Describing the climate system based on observations of the mean climate state and its variability, the first section of the book introduces the vocabulary of the field, the dependent variables that characterize the climate system, and the typical approaches taken to display these variables. The second section of the book gives a quantitative understanding of the processes that determine the climate state--radiation, heat balances, and the basics of fluid dynamics. Applications for the atmosphere, ocean, and hydrological cycle are developed in the next section, and the last three chapters of the book directly address global climate change. Throughout, the textbook makes connections between mathematics and physics in order to illustrate the usefulness of mathematics, particularly first-year calculus, for predicting changes in the physical world.
Climate change will impact every aspect of life in the coming decades. This book supports and broadens understanding of the dynamics of the climate system by offering a much-needed introduction that is accessible to any science, math, or engineering student.
A thoroughly revised and updated edition, this book will assist the reader in understanding the complexities and applicabilities of today’s wide range of climate models. Topics covered include the latest techniques for modelling the coupled biosphere-ocean-atmosphere system, information on current practical aspects of climate modelling and ways to evaluate and exploit the results, discussion of Earth System Models of Intermediate Complexity (EMICs), and interactive exercises based on Energy Balance Model (EBM) and the Daisyworld model. Source codes and results from a range of model types allows readers to make their own climate simulations and to view the results of the latest high resolution models. Now in full colour throughout and with the addition of cartoons to enhance student understanding the new edition of this successful textbook enables the student to tackle the difficult subject of climate modeling.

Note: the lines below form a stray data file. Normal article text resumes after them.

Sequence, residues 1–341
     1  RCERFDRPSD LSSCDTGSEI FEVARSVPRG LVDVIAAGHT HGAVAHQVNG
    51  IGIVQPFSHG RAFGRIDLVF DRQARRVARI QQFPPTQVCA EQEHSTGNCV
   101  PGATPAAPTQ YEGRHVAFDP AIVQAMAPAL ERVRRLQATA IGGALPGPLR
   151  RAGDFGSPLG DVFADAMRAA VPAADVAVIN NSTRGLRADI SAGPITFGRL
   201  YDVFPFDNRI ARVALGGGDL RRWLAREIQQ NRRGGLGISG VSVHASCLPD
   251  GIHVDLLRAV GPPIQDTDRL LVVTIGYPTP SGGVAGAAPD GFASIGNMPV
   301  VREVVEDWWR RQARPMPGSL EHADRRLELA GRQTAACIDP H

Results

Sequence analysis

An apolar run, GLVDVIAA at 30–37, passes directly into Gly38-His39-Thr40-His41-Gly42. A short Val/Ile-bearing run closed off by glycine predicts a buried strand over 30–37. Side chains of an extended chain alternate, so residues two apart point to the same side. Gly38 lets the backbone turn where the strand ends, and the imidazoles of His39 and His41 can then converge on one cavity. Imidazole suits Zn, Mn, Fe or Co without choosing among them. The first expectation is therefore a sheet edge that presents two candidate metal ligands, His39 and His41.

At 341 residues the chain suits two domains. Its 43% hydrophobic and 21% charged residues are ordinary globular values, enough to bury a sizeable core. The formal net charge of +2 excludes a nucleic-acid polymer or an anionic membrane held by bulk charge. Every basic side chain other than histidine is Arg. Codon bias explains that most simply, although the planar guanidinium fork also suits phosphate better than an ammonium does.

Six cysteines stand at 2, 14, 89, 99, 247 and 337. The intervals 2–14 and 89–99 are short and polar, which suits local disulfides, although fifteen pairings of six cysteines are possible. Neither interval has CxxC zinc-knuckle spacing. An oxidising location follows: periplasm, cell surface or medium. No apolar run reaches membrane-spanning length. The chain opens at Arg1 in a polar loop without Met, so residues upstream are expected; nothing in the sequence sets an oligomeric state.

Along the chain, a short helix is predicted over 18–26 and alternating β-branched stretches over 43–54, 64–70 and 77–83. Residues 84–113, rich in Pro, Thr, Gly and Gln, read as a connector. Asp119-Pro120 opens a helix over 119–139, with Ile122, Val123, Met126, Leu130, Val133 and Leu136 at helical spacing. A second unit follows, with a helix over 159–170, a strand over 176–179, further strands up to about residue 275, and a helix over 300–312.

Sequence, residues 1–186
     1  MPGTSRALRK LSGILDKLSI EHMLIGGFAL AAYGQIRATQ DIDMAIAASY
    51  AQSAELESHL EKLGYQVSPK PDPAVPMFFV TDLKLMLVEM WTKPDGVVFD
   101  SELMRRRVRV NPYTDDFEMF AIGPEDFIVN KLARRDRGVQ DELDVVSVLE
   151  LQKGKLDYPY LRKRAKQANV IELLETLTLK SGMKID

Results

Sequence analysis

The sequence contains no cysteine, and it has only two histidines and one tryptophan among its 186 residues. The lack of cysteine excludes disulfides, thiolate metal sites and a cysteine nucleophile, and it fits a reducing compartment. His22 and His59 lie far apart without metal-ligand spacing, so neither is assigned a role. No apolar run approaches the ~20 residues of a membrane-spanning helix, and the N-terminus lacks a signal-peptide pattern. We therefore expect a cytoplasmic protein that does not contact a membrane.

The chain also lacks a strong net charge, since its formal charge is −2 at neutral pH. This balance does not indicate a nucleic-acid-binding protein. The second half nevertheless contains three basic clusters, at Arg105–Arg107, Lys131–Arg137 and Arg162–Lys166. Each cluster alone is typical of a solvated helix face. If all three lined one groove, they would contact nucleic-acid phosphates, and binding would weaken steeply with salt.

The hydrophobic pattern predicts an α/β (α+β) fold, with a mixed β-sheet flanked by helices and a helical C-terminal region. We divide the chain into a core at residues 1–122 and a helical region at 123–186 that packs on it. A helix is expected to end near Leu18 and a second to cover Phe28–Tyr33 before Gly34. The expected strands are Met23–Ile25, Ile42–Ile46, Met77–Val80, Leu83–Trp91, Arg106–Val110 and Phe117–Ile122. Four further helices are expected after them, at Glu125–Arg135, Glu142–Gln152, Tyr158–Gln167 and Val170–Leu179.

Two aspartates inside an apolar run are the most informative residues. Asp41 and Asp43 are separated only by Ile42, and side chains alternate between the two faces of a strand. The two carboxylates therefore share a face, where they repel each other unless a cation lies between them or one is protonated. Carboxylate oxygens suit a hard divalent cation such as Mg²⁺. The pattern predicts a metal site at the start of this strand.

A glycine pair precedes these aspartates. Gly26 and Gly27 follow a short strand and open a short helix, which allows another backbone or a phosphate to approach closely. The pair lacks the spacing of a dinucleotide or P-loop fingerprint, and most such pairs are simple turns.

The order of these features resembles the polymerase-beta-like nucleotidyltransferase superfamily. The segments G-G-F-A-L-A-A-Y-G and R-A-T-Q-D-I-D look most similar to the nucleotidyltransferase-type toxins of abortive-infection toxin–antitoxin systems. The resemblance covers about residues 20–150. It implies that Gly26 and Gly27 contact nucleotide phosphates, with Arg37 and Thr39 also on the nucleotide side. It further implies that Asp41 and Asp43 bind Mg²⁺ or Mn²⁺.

Weather extremes such as heat waves, cold surges, freezing rains, heavy rains, severe drought, unusual storm tracks, and tornados are common on our planet’s surface. Climatic events such as Arctic warming and declining sea ice have become hot topics in recent years. An approach based on breaking down total variables into temporal climatologies and anomalies can be used to identify general circulation, analyze climatic anomalies and forecast weather extremes. Accordingly, this book will appeal to students, teachers and forecasters in the field of weather and climate alike.
In this book, Michael Bender, an internationally recognized authority on paleoclimate, provides a concise, comprehensive, and sophisticated introduction to the subject. After briefly describing the major periods in Earth history to provide geologic context, he discusses controls on climate and how the record of past climate is determined. The heart of the book then proceeds chronologically, introducing the history of climate changes over millions of years--its patterns and major transitions, and why average global temperature has varied so much. The book ends with a discussion of the Holocene (the past 10,000 years) and by putting manmade climate change in the context of paleoclimate.
The most up-to-date overview on the subject, Paleoclimate provides an ideal introduction to undergraduates, nonspecialist scientists, and general readers with a scientific background.